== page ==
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China’s Economy Just Gets More and More Interesting

August 14, 2017, 1:36 PM UTC

Last January, President Xi Jinping gave a through-the-looking glass speech in Davos, Switzerland, urging the world to embrace free trade, hours before the most professedly protectionist President of the United States in living memory was about to take office. One of the few areas where that new president has affected meaningful governmental change in the ensuing half a year has been in his administration’s efforts to disassemble many of the regulations his predecessor put in place.

How topsy-turvy, then, to note that where the U.S. is zigging, once again China is zagging, by adding new regulations, this time in the conduct of its supremely successful Internet giants. The Wall Street Journal reported over the weekend an investigation by China’s powerful Cyberspace Administration into potential violations by units of Tencent, Alibaba, and Baidu of a new regulation governing online conduct.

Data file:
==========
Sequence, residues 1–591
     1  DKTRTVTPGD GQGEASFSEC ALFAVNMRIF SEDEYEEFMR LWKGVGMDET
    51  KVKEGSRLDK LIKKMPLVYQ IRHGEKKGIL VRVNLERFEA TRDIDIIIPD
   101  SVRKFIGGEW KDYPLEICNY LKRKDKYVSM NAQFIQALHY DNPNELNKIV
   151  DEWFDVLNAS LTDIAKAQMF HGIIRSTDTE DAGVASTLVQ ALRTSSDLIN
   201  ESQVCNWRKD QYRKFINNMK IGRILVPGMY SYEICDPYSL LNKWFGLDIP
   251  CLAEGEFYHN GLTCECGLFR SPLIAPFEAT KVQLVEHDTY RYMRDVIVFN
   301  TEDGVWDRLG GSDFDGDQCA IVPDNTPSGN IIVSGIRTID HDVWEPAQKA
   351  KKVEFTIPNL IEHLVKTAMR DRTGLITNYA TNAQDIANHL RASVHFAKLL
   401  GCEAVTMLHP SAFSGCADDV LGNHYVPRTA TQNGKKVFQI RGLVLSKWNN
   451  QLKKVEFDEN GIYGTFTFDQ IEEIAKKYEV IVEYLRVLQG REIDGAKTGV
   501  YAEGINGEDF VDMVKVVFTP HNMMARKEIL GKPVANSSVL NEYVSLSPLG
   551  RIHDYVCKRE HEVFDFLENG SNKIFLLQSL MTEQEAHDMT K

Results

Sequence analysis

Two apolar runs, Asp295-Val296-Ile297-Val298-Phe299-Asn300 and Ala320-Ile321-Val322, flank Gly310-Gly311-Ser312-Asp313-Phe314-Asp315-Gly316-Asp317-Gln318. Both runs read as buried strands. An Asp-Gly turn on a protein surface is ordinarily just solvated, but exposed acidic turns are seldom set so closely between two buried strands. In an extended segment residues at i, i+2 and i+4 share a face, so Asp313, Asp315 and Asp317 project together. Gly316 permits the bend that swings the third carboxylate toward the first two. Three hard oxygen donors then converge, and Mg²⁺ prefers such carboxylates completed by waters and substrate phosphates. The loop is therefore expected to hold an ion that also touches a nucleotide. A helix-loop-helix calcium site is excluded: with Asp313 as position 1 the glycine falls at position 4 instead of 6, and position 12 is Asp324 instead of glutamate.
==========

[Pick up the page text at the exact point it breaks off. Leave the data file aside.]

Conventional wisdom holds that Chinese Internet companies operate with the tacit approval of the government and that they know how to stay in compliance with its wishes. The powerful triad generally responded with calming words of obeisance. And the Journal quoted an academic who notes that regulators understand the efficacy of going after big players rather than small fry. U.S. regulators, particularly the Environmental Protection Agency, figured this out long ago.

More interesting still was a report from the New York Times that Facebook surreptitiously launched an app in China that looks like one of its own but doesn’t identify itself as a Facebook app.

Back when there were two superpowers in the world only one had an interesting economy. Now the world has only one true superpower, but that won’t last. And China’s economy—high-growth, highly innovative, heavy state involvement, over-the-top debt—just gets more and more interesting.